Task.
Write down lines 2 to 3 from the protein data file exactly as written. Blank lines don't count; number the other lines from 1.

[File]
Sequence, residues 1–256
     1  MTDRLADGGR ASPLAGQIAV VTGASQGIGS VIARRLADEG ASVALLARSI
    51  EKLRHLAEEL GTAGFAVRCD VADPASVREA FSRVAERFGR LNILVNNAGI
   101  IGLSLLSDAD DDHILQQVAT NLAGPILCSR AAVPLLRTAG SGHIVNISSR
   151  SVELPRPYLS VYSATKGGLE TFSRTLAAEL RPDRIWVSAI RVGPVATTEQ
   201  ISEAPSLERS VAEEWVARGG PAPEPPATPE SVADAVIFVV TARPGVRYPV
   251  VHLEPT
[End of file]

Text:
     1  MTDRLADGGR ASPLAGQIAV VTGASQGIGS VIARRLADEG ASVALLARSI
    51  EKLRHLAEEL GTAGFAVRCD VADPASVREA FSRVAERFGR LNILVNNAGI